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|Protopresbyter Michael Pomazansky|
Orthodox dogmatic theology
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The attributes of God.
Speaking of the attributes of God, the Holy Fathers indicate that their multiplicity, considering
the simplicity of the essence, is a result of our own inability to find a mystical and single
means of viewing the Divinity. In God, one attribute is an aspect of another. God is righteous:
this implies that He is also blessed and good and Spirit. The multiple simplicity in God is like thelight of the sun, which reveals itself in the various colors that are received by bodies on the earth,
for example, by plants.
In the enumeration of the attributes of God in the Holy Fathers and in the texts of the Divine
services, there is a preponderance of expressions that are grammatically in a negative form, that
is, with the prefixes “a-” or “un-.” However, one must keep in view, that this negative form indicates
a “negation of limits,” as for example: “not unknowing” actually signifies “knowing.”
Thus, the negative form is really an affirmation of attributes that are without limit. We may find a
model of such expressions in the Exact Exposition of the Orthodox Faith by St. John Damascene:
“God is unoriginate, unending, eternal, constant, uncreated, unchanging, unalterable, simple, uncomplicated,
bodiless, invisible, intangible, indescribable, without bounds, inaccessible to the
mind, uncontainable, incomprehensible, good, righteous, the Creator of all creatures, the Almighty
Pantocrator, He who looketh down upon all, whose Providence is over everything, Who
has dominion over all, the judge.”
Our thoughts about God in general speak: 1) either about His distinction from the created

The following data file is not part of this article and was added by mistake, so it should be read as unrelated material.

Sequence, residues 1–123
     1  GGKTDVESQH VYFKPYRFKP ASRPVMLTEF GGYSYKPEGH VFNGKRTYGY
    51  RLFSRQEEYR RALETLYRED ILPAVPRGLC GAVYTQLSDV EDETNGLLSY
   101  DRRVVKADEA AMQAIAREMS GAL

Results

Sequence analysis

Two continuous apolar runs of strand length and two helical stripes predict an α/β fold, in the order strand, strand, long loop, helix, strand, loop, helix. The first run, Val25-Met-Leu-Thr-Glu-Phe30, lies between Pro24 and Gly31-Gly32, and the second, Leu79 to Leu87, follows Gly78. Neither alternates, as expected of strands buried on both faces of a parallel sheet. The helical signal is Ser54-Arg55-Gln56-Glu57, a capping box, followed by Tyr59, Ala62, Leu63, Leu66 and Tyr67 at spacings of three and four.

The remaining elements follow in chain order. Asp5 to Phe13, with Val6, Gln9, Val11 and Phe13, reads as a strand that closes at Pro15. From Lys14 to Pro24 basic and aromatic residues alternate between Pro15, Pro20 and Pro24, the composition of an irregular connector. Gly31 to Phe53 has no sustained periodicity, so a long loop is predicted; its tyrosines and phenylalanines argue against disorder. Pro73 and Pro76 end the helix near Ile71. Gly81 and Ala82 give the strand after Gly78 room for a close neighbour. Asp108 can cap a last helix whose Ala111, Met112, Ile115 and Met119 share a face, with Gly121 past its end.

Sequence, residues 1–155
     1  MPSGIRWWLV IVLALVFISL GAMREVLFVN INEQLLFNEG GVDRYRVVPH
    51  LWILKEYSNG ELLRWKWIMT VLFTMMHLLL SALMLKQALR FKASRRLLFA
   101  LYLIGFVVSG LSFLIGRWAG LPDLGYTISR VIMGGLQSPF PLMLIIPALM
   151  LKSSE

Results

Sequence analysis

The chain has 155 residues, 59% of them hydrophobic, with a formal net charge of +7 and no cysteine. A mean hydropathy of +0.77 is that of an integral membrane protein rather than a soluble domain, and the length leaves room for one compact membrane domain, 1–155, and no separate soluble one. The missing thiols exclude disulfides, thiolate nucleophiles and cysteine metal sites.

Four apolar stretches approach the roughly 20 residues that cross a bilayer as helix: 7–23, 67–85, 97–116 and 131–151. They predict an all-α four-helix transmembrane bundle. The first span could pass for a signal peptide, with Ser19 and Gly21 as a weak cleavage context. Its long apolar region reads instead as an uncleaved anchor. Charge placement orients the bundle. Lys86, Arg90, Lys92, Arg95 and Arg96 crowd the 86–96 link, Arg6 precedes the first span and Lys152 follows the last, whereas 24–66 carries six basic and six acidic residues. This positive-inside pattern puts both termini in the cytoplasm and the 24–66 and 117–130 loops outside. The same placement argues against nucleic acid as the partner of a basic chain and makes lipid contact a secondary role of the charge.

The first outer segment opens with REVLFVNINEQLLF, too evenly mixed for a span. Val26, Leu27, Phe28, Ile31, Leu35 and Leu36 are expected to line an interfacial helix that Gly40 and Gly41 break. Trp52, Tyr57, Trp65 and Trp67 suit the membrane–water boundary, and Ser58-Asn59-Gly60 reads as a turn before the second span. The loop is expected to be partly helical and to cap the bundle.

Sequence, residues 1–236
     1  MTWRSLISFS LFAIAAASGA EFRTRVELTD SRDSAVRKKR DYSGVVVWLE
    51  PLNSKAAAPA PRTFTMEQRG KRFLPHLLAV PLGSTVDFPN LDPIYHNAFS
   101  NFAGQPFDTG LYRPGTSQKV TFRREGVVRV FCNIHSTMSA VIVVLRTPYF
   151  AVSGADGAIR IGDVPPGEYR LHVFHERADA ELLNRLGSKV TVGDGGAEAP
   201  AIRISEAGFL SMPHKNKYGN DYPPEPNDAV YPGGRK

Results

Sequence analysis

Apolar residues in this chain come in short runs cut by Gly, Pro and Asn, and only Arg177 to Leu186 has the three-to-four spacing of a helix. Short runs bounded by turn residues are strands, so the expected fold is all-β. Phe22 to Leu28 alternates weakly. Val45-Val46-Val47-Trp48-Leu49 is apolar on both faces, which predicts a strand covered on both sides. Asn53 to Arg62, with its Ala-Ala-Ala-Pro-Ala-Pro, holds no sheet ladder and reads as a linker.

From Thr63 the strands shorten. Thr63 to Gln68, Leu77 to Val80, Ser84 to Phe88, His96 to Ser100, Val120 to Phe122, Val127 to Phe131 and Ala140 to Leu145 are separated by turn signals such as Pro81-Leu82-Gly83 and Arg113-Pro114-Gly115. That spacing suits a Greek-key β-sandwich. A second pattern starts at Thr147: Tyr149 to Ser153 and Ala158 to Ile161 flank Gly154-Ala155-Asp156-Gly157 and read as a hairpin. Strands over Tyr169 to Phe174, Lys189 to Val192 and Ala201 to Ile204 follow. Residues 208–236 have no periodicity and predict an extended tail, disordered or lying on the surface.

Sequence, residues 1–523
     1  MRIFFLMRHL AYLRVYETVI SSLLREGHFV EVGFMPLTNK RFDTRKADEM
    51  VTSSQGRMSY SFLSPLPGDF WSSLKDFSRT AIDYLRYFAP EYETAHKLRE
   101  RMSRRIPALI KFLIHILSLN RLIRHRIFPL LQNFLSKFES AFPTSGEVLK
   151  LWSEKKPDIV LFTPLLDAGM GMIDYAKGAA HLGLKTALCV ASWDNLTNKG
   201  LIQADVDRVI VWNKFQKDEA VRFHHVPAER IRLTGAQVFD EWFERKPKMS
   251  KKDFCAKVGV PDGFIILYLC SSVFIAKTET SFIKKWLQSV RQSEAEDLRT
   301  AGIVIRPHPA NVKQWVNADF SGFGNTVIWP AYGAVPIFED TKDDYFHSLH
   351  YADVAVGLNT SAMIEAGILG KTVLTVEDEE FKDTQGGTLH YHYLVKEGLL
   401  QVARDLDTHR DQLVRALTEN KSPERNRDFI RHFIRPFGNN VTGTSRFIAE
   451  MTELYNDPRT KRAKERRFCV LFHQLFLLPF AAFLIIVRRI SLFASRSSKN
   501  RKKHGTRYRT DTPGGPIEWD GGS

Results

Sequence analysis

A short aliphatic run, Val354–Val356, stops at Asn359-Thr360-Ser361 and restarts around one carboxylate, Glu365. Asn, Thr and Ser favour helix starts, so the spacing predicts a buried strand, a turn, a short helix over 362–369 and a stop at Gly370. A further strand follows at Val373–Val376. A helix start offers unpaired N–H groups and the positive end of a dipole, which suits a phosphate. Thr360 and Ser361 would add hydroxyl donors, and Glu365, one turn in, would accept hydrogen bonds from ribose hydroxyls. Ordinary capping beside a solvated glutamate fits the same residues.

world (for example, God is unoriginate, while the world has an origin; He is endless, while the
world has an end; He is eternal, while the world exists in time); or 2) about the activities of God
in the world and the relation of the Creator to His creations (Creator, Providence, Merciful,
In indicating the attributes of God, we do not thereby give a “definition” of the concept of
God Such a definition is essentially impossible, because every definition is an indication of” finiteness”
(In Russian, Father Michael is indicating here the derivation of the word opredeleniye (“definition”)
from predel (“limit” or “boundary”). In English the same thing is true: “definition” derives from the Latin finis,
“limit.”) and signifies, incompleteness. However, in God there are no limits, and therefore there
cannot be a definition of the concept of the Divinity: “For a concept is itself a form of limitation”
(St. Gregory the Theologian, Homily 28, his Second Theological Oration).
Our reason demands the acknowledgement in God of a whole series of essential attributes.
Reason tells us that God has a rational, free, and personal existence. If in the imperfect world we
see free and rational personal beings, we cannot fail to recognize a free and rational personal existence
in God Himself, who is the Source, Cause, and Creator of all life
Reason tells us that God is a most perfect Being. Every lack and imperfection are incompatible
with the concept of “God.”
Reason tells us that the most perfect Being can be only singular: God is One. There cannot
be two perfect beings, since one would limit the other.
Reason tells us that God is a self-existing Being, since nothing can be the cause or condition
of the existence of God.